Thermal convection in micropolar fluids has also been studied. Rudraiah and Siddheshwar [34] analyzed the effects of nonuniform temperature gradients of parabolic- and stepwise-types on the onset of Marangoni convection in a micropolar fluid. This study was later extended by Siddheshwar and Pranesh [35] to include the effect of a magnetic field and buoyancy forces. Very recently, Idris et al. [36] studied the effect of Dupont et al. [30] cubic temperature profile on the onset of Bénard-Marangoni convection in a micropolar fluid.

In this paper, we shall investigate the combined effects of Dupont et al. [30] cubic temperature profile and a magnetic field on the onset of Marangoni convection in a micropolar fluid. The single-term Galerkin technique [37] is employed to obtain a closed-form expression of (Marangoni number) for the onset of convection. Comparisons with the other polynomial-type temperature profiles normally used by previous investigators shall be undertaken.

#### 2. Mathematical Formulation

We wish to examine the stability of a horizontal layer of quiescent micropolar fluid of thickness in the presence of a magnetic field. We assume that the layer is bounded below by a rigid boundary, which is kept at a constant temperature, and above by a perfectly insulated, flat free surface. Moreover, the spin-vanishing boundary condition is assumed at the boundaries.

The governing equations for the problem are the continuity equation, conservation of momentum, conservation of angular momentum, conservation of energy, and magnetic induction, compare [19, 34, 35]: where is the velocity, is the spin, is the temperature, is the magnetic field, is the hydromagnetic pressure, is the coupling viscosity coefficient, is the shear kinematic viscosity coefficient, is the moment of inertia, and are the bulk and shear spin viscosity coefficients, is the micropolar heat conduction coefficient, is the specific heat, is the thermal conductivity, and is the magnetic viscosity (where electrical conductivity and magnetic permeability). All the viscosity coefficients, heat conduction coefficient and thermal conductivity are thermodynamically restricted on the assumption of Clausius-Duhem inequality (see Eringen [19]) and are all positive quantities.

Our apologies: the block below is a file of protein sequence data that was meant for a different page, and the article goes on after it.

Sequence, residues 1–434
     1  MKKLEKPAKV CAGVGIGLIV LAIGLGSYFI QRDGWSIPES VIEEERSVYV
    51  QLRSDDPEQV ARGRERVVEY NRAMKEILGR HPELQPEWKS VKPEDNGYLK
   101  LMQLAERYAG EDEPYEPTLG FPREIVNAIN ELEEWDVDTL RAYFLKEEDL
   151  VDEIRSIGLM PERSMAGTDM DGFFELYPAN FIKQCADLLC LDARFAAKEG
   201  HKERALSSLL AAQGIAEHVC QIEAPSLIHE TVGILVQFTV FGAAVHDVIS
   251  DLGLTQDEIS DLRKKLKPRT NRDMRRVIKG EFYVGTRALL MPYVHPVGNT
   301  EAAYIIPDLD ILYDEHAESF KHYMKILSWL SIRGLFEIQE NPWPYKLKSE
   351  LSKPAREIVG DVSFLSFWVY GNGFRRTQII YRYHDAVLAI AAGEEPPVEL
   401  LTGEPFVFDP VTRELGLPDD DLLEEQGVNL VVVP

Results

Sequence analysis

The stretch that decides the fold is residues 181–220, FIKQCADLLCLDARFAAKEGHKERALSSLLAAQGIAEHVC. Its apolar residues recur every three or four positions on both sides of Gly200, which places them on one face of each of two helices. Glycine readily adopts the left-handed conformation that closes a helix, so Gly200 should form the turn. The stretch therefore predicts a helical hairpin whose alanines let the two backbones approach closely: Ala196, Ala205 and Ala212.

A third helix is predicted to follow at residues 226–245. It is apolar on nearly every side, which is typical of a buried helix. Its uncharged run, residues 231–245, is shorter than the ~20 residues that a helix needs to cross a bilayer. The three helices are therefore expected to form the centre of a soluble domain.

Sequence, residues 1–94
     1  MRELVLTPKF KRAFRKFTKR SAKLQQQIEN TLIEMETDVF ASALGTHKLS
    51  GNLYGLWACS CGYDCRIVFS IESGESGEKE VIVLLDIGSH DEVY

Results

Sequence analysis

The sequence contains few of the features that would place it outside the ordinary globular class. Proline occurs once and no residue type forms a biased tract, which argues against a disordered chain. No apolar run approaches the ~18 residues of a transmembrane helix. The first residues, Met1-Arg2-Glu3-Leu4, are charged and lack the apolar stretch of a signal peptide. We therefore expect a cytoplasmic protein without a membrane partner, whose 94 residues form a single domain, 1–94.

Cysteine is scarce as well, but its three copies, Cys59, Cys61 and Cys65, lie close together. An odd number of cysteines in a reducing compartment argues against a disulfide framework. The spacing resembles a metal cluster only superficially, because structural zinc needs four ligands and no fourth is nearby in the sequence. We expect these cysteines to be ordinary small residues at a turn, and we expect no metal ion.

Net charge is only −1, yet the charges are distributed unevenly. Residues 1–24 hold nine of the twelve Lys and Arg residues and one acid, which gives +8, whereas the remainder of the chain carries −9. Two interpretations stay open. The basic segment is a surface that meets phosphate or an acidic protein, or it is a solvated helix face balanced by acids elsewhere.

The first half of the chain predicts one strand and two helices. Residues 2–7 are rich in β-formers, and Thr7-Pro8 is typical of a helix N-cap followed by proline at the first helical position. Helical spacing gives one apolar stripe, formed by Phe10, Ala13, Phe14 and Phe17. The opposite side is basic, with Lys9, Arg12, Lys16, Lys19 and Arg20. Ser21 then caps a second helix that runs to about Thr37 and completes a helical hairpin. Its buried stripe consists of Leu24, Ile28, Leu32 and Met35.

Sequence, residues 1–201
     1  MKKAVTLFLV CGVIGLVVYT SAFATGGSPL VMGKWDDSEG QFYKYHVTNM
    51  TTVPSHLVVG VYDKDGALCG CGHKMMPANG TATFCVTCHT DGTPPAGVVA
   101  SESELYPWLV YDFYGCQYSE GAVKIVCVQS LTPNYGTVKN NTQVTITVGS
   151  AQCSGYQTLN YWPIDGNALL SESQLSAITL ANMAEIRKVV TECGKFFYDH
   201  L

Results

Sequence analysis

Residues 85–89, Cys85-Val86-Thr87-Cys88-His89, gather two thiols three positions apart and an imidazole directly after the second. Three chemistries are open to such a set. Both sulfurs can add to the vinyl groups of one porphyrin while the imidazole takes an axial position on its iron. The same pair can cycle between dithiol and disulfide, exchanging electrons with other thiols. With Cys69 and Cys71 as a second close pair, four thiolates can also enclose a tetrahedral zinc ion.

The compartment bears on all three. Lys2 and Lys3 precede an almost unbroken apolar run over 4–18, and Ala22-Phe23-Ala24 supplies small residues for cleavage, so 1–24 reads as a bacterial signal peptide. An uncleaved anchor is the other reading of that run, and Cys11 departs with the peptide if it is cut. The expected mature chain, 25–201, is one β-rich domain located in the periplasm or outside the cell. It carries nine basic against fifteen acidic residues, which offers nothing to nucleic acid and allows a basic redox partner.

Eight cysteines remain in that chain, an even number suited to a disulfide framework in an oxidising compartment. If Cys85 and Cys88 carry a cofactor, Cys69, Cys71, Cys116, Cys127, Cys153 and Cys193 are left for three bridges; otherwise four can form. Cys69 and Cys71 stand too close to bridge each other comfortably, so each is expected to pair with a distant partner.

The surface tension at the free upper surface is

where is the unperturbed value of and . The perturbation (2.1) are nondimensionalised using the following definition:

Following the classical lines of linear stability theory, the linearised and dimensionless governing equations are

where , , , and are, respectively, the amplitudes of the infinitesimal perturbations of velocity, spin, temperature, and magnetic field, is the coupling parameter ( ), is the couple stress parameter (, : finite, real), is the micropolar heat conduction parameter (, : finite, real), is the Chandrasekhar number, is the Prandtl number, is the magnetic Prandtl number, and is a nondimensional basic temperature gradient satisfying the condition .

The infinitesimal perturbations , , , and are assumed to be periodic waves and hence these permit a normal mode solution in the following form:

where and are horizontal components of the wave number .

Substituting (2.5) into (2.4), we get where .

Eliminating between (2.6) and (2.9), we obtain

Equations (2.7), (2.8), and (2.10) are solved subject to the linearized and dimensionless boundary conditions: where is the Marangoni number (where is the temperature difference between the two boundaries).

Following [30], we consider the steady state temperature profile given by